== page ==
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Thread: Undercutting Doors

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  1. #1
    DIY Senior Member chefwong's Avatar
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    Default Undercutting Doors

    OK. Which camp are you in.

    1/2 undercut for funtion (air return, etc)
    or
    1/4 -- nice and tight to flooring.

    Gonna do some door hanging and can't decide....

    Or maybe meet somewhere in the middle and do 3/8".

  2. #2
    Retired Defense Industry Engineer jadnashua's Avatar
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    Don't do it for air, if you needed it, you'd need more than the 1/2" anyway - there should be an air return doing the job in the room. A bit more is handy to help the door go over whatever might be sitting there.
    Jim DeBruycker
    Important note - I'm not a pro
    Retired Defense Industry Engineer; Schluter 2.5-day Workshop Completed 2013, 2014

  3. #3
    Moderator & Master Plumber hj's Avatar
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    quote; there should be an air return doing the job in the room

    What universe are you living in? The majority of modern homes have only one or two central returns and depend on the gap under the door for return air when the door is closed. Make a "tight gap" and then develop muscles pulling the door open when the furnace is operating.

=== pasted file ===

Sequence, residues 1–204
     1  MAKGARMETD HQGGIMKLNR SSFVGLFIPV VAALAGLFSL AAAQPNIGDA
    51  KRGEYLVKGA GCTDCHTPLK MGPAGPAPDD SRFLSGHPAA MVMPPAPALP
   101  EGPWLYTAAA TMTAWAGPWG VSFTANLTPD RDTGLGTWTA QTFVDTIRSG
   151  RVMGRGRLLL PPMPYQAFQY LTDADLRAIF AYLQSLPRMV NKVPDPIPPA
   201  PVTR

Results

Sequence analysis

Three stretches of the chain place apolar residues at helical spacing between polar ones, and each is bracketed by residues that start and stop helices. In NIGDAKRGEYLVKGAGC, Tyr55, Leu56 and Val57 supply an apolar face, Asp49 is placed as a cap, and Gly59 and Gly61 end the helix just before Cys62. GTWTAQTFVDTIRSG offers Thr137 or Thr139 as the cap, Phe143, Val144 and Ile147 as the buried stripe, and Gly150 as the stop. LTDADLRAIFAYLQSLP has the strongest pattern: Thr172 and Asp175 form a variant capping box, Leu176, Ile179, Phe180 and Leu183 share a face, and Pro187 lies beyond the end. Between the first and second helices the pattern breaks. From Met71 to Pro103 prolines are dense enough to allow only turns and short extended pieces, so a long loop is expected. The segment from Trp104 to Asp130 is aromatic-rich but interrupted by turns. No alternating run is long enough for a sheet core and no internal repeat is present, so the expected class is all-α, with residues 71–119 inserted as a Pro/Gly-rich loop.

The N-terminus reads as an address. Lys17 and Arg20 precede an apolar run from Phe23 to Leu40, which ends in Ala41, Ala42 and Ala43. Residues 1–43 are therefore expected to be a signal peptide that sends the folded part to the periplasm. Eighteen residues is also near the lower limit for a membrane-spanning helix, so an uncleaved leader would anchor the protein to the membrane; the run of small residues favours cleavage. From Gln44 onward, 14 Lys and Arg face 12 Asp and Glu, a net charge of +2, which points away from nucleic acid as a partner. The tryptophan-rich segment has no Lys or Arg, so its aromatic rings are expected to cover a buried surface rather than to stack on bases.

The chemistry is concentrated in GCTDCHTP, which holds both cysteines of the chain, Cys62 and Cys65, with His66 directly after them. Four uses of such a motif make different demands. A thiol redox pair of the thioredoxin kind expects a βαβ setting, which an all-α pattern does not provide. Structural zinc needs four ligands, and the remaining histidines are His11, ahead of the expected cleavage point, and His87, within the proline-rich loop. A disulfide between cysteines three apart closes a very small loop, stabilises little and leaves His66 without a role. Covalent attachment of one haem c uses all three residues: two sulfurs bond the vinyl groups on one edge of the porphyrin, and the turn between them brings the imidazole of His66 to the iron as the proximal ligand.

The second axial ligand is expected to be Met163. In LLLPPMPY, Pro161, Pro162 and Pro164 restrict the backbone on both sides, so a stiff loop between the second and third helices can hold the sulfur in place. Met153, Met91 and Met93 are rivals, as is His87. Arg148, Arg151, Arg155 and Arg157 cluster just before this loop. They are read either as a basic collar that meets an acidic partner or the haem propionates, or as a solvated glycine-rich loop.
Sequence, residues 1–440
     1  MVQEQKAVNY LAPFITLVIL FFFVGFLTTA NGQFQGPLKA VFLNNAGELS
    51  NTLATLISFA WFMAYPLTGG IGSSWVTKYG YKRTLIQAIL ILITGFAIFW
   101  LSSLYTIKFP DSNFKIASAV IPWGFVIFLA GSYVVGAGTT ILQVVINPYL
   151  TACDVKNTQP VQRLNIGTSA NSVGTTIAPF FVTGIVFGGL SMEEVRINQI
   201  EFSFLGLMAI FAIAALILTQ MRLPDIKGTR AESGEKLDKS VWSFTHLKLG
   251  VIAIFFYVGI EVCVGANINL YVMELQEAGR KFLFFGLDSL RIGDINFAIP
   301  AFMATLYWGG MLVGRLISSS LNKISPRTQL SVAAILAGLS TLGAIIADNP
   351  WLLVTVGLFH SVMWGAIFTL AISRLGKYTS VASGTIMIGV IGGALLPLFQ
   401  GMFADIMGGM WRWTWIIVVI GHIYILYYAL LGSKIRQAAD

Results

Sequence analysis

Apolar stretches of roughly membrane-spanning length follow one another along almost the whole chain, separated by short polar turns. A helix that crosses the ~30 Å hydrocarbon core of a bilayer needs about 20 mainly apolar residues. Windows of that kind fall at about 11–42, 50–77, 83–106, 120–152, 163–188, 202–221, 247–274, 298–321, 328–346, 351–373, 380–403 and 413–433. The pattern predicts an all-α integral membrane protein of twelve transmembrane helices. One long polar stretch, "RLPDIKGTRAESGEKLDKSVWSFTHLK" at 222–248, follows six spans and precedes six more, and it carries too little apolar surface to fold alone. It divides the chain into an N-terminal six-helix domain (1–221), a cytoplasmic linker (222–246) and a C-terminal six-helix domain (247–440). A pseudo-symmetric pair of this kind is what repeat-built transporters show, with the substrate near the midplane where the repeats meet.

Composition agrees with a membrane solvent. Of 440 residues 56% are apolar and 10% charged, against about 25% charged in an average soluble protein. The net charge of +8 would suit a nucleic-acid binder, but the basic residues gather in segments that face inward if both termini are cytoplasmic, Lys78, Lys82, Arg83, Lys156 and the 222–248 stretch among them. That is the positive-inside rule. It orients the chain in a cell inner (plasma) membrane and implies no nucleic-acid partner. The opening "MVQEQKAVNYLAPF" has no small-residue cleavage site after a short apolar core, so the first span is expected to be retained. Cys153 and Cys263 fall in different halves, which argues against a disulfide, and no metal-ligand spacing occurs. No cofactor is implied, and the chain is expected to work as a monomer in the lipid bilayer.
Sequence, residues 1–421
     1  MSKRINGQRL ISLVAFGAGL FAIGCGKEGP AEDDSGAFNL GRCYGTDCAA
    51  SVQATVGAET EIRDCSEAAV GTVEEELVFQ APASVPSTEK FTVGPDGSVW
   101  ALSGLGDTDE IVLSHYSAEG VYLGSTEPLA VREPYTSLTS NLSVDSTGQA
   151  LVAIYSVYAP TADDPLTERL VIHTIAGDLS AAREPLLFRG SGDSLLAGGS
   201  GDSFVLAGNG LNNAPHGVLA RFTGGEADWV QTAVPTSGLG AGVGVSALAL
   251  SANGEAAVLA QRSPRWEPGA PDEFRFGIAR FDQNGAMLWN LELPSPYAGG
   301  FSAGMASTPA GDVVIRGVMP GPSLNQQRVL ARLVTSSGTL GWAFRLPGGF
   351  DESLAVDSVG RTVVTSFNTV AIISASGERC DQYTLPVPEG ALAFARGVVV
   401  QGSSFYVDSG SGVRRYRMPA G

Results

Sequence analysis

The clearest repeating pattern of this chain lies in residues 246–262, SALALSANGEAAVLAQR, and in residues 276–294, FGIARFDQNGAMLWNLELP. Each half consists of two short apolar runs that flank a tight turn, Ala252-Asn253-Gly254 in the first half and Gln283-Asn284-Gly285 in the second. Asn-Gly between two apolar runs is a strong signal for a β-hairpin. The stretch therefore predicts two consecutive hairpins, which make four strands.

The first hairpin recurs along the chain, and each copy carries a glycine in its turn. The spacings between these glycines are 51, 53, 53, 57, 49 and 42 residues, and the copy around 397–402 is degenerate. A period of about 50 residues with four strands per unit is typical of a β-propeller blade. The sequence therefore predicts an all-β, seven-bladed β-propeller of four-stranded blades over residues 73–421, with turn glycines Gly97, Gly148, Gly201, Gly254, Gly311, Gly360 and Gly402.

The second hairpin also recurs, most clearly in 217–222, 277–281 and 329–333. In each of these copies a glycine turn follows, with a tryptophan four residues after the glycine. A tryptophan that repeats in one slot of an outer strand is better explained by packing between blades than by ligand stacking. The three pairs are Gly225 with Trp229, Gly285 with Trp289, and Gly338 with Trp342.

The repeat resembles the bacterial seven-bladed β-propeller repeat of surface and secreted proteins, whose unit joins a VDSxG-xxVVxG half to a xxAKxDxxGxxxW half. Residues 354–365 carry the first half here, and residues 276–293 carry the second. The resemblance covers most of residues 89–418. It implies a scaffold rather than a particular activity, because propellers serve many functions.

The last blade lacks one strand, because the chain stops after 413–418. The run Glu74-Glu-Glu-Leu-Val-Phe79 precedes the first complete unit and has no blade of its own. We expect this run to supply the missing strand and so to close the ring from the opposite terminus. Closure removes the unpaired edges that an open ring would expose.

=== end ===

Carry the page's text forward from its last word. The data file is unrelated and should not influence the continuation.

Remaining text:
Licensed residential and commercial plumber

  4. #4
    In the trades Dana's Avatar
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    In many locations where there isn't a dedicated return in the doored-off room, jump ducts or return grilles in partition walls are required by code. It would take about a 2" door cut to meet the pressure differential requirements for a duct return path. Making the door tight WITHOUT providing a low impedance return path means you're using incidental air leakage out to the Great Outdoors to provide the return path, which takes a toll on system efficiency (and capacity).

    If you want to use the door as the return path without creating a hamster & squirrel escape route, these suckers work pretty well. They're not exactly a thing of beauty- on a par with using transom grilles or partition-wall grills. Jump ducts with ceiling grilles may be a bit less visually intrusive.

  5. #5
    DIYer, not in the trades LLigetfa's Avatar
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    A 4 inch duct feeding or exhausting a room is 12.5 sq inches, a 6 inch is just over 28 sq inches. Since it is a forced supply, the passive return or make-up needs be greater. A 1 inch gap under a 34 inch door is 34 sq inches, probably adequate for return or make-up IMHO.

    I say, give the hamster freedom to roam!

  6. #6
    In the trades Dana's Avatar
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    The max impedance spec Tamrack is working against for passive returns is 250cfm (min) @ 3 pascals pressure difference, which surely won't be met with a 1" door cut on a 34" door.

    Jump ducts are typically executed with 10" diameter flex duct, or 78-79 sq-in, which is roughly the same as a 2" door cut. Bigger rooms/volumes use 12" flex for the jump ducts. See the duct sizing and flow discussion, particularly the jump duct sizing in figure 3 here:

    http://www.buildingscience.com/docum...em-sizing-pro/

    See also: http://www.buildingscience.com/docum...return-systems

    While a 1" door cut would be much better than a tight fit, it would still be sufficient impedance to drive outdoor air infiltration.

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